Much of their content focuses on heteronormative relationships, and often slides into becoming blatantly homophobic and transphobic. They push back on allyship with a video entitled ‘Why We’re Not Declaring Our Gender Pronouns’.
They hosted a similar podcast episode on ‘Same Sex Attraction’ with Ellen Dykas, an outwardly pro-conversion therapy minister. Their posts are littered with cisnormativity and harmful gender essentialism.
I was initially shocked by the bluntness of the Girl Defined duo’s language, but not surprised. These are all things I had heard before, just in a different context: sitting in a musty church basement. What upset me the most, however, was the repetition and endorsement of things I’d spent years unlearning.
These ideologies exist on a much more insular level within social media spaces, where algorithmic platforms can push people following any religious organisations or personal accounts to Girl Defined.
This can create echo chambers that exacerbate and isolate these beliefs, often without exposing followers to other avenues of understanding sexuality and gender.
How much harder would it have been for me to break away if I had learned these lessons online? If my network of friends, personal expression and the content I was consuming online were all proclaiming these beliefs?
It wasn’t until college – the same time I joined social media – that I learned what purity culture was and had the language to express how it had played a central role in my personal development and identity.
This revelation was partially due to conversations with other religious queer people. It was also from social media, where I encountered people calling out experiences and expectations from my childhood that I had learned were unquestionable.
Once I had learned about the term, I was hesitant to see my experiences as part of purity culture, because most purity culture resources and narratives I discovered online centralised the experiences of evangelical, white, heterosexual women. These narratives did not capture my own as a queer Catholic woman.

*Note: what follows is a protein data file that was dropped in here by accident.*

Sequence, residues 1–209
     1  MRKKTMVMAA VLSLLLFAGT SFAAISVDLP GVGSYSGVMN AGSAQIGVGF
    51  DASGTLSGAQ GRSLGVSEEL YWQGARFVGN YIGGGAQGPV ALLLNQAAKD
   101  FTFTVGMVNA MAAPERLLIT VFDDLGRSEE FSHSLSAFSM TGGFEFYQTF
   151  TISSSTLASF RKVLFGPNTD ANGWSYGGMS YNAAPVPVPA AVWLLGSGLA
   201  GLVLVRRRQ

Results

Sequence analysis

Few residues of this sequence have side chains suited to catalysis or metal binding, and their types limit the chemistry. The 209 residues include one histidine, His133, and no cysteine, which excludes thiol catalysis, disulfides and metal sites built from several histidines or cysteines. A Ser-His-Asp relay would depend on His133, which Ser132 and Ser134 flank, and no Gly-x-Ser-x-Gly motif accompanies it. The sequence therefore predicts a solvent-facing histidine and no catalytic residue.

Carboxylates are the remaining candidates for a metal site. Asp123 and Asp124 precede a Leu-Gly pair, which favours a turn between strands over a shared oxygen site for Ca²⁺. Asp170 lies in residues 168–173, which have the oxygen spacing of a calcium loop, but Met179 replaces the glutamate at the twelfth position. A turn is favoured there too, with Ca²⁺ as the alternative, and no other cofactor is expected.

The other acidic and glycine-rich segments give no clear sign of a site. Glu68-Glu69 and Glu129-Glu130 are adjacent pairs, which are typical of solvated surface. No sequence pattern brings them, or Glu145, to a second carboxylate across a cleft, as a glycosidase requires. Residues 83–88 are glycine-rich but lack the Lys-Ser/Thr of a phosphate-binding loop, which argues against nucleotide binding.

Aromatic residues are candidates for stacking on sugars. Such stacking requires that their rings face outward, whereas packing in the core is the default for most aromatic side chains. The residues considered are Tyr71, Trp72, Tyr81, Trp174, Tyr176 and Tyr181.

I know that if I had been pushed, or even recommended, to follow Girl Defined when I first joined social media, I likely would still believe and buy into these ideologies.
On an all-consuming platform in my pocket, where friendships exist virtually and instantaneous gratification comes from likes, this part of my childhood would have been so much harder to unlearn.
This is why I call attention to influencers like Girl Defined that perpetuate these beliefs through what can easily become addictive avenues. At least I could distance myself physically from these educators and objects, but I know I wouldn’t have been so lucky if they were on my iPhone.
Note: Throughout this article, I link to other articles and videos that you can explore connected to my argument, but I do not include links to Girl Defined’s content. Their accounts are readily accessible, and I do not want to provide any more foot traffic to their work.
Emma Cieslik (she/her) is a museum professional and public historian based in Washington, D.C. specifically interested in the intersections of religion, sexuality and gender in American history. Her research focuses include queer religion, purity culture, and material religion.